In order to thrive in the global marketplace, businesses need employees who can communicate effectively— heightening the need for language learning. But out of all the strategies there are, what’s really effective and what’s not?

In order to thrive in the global marketplace, it’s not enough to just stick to one’s native language anymore. Closing deals, building potential partnerships and opening business opportunities require individuals who understand the language and culture of others. Although unnoticed, language and cultural misunderstandings are sometimes sources of failed investments, that’s why the business world today gives high regard to professionals who are able to communicate effectively across borders. In fact, a study by New American Economy reveals that the demand for bilingual workers is continually rising as they are believed to be more empathetic and creative.

But venturing beyond one’s mother tongue isn’t easy as you would think it is. Learning a second language comes with many preconceived notions such as “taking a class or two is enough” and “just memorize nonstop.” This isn’t exactly the case, thus, it’s imperative to expose and resolve language learning myths as the strategies you’re using now may not be as effective as you make them out to be.

 

The Myth. It’s sufficient to just take a language course. 

The Truth. Real world application matters.

Studying is very different from applying. So, as much as classroom instruction is presently enforced, it’s not actually advisable for language learning. In truth, talking at you promotes non-participation; leaving no room for real-life application. The system of language teaching is fundamentally flawed. Information is given in chunks, learners are required to memorize irrelevant concepts and practice often comes in the form of mere writing. Because of this, actually speaking the language becomes overlooked. In order to make up for that, it’s best to supplement knowledge intake by personally speaking the language. This allows the increase of second-language vocabulary retention in response to the arising problem that the text coverage critically needed by ESL learners to understand English isn’t met. Thus, reading and writing should be accompanied by practice in order to broaden one’s vocabulary.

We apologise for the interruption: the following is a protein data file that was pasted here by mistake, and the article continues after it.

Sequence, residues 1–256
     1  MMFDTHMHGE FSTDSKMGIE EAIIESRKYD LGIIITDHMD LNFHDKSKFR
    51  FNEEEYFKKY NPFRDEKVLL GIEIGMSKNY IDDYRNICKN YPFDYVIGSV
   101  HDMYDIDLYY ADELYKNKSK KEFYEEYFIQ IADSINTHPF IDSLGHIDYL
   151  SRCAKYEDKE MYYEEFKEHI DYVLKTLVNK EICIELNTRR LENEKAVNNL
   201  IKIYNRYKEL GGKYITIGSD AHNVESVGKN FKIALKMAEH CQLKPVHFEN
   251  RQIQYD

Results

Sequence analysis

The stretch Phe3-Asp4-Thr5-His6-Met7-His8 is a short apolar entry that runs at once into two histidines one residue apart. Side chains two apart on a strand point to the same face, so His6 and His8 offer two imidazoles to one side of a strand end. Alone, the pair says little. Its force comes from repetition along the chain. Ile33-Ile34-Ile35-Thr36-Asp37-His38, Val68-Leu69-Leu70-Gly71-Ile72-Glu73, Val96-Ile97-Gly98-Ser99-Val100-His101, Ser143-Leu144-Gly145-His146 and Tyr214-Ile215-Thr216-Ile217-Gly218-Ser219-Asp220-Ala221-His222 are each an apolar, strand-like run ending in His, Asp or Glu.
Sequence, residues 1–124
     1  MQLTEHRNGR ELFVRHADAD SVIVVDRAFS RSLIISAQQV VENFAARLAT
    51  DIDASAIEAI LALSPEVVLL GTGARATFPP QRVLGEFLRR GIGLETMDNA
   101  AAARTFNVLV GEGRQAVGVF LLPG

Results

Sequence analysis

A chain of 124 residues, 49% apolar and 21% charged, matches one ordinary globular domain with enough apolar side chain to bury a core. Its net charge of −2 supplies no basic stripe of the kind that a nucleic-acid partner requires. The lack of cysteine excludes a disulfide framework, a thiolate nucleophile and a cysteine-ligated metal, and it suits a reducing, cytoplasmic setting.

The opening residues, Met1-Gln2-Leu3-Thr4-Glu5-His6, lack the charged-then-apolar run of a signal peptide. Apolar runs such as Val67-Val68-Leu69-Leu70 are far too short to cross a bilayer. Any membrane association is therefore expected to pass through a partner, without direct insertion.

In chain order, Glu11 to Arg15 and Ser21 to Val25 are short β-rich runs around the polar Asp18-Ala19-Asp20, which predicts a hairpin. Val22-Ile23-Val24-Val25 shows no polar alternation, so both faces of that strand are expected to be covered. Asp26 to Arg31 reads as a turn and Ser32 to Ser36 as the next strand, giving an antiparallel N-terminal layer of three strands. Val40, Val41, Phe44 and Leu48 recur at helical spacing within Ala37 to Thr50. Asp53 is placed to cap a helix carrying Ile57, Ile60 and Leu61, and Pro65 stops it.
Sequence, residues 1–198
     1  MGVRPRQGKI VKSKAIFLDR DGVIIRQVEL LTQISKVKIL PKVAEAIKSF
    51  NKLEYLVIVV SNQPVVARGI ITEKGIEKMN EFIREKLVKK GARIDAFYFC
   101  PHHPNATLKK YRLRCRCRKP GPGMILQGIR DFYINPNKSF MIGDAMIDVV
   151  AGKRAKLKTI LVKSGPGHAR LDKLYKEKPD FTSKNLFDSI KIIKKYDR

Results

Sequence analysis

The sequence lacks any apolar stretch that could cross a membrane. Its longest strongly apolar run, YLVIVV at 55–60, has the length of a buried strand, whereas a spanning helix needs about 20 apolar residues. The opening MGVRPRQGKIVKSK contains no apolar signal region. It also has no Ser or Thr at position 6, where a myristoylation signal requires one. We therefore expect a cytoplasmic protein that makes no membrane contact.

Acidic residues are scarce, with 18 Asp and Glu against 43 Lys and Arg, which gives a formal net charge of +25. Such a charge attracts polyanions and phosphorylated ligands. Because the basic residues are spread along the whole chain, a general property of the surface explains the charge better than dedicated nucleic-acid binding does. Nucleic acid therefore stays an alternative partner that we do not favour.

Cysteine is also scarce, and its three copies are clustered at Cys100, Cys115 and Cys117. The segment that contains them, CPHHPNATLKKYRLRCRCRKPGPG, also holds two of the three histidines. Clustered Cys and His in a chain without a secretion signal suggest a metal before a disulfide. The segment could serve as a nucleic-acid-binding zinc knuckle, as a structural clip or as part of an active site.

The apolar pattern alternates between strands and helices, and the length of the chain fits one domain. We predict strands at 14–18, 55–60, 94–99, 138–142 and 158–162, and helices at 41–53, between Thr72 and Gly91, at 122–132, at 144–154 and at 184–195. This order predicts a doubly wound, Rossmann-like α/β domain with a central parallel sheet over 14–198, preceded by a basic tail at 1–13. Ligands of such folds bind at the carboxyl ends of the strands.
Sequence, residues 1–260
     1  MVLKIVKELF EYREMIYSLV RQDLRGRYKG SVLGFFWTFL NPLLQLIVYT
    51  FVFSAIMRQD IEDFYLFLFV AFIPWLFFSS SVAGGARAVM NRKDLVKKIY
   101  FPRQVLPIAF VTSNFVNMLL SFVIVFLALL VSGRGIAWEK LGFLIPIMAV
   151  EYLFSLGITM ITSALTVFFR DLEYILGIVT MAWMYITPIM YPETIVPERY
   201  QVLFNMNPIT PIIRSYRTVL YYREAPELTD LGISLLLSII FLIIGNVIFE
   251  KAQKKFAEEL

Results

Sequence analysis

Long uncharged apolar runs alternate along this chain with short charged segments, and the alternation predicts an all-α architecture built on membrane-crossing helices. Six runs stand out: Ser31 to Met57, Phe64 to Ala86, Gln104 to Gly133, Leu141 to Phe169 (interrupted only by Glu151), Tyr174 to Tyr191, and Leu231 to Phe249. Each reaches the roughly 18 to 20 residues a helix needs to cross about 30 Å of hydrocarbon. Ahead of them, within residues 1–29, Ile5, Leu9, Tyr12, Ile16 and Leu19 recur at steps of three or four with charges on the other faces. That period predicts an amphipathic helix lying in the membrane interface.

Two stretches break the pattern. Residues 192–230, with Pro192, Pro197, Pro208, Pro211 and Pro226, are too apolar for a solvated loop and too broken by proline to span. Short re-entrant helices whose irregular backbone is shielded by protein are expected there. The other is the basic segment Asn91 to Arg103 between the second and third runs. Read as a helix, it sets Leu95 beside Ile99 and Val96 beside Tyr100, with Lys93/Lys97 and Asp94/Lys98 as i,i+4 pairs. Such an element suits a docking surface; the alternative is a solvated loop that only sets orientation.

The Myth. The older you are, the harder it is to learn a new language. 

The Truth. No one’s ever too old to learn.

There’s an old adage that goes “better late than never.” And in the context of language learning, this quotation rings true as ESL acquisition is possible regardless of age. Children are often viewed as fast learners but in consideration of the criteria for language proficiency, young learners deal with simpler concepts compared to adults. That’s why their progress appears quicker than that of an adult learner yet the difficulty level is more or less the same. In actuality, adults can learn language faster as long as the learning speed will commensurate how much focus and time is spent learning.

 

The Myth. Every person learns the same way as others do. 

The Truth. Personalize your language learning approach.

There is no one-size-fits-all solution to learning as every person has his own learning style that may not be effective for others. If an approach isn’t tailored to you and your life, you may find language learning all the more challenging. In response to this, boost engagement and achievement by personalizing your methods to your needs and preferences. You can seek help from native speakers, avail of a language training program that offers various products/services, or access the internet for additional materials.

 

The Myth. Interacting with other language learners is enough. 

The Truth. It’s always better to practice with a native speaker.

Practicing a new language calls for more than just talking to your fellow language learners. Although this is also helpful, there are many things a native speaker can teach you compared to just your peers, such as nuances and other invaluable knowledge. Taking it from someone who’s familiar with the language firsthand not only boosts confidence in conversing with native speakers but also increases your ability to understand them.

 

The Myth. Exposure to the language in its native country speeds up language learning. 

The Truth. You can learn a new language in the comfort of your own home/workplace.

Being constantly exposed to a foreign language doesn’t guarantee rapid language acquisition. In fact, it’ll leave you even a little confused because of the different pronunciations, speeds and accents there are. Learning a language is more than just listening to it. It takes understanding the words, structures and concepts first before applying it. So, you don’t have to live somewhere else in order to learn a language. Studying and practicing it with a live coach is enough for starters; in that way you are guided step by step. You can also augment by watching and listening to media for further passive exposure.

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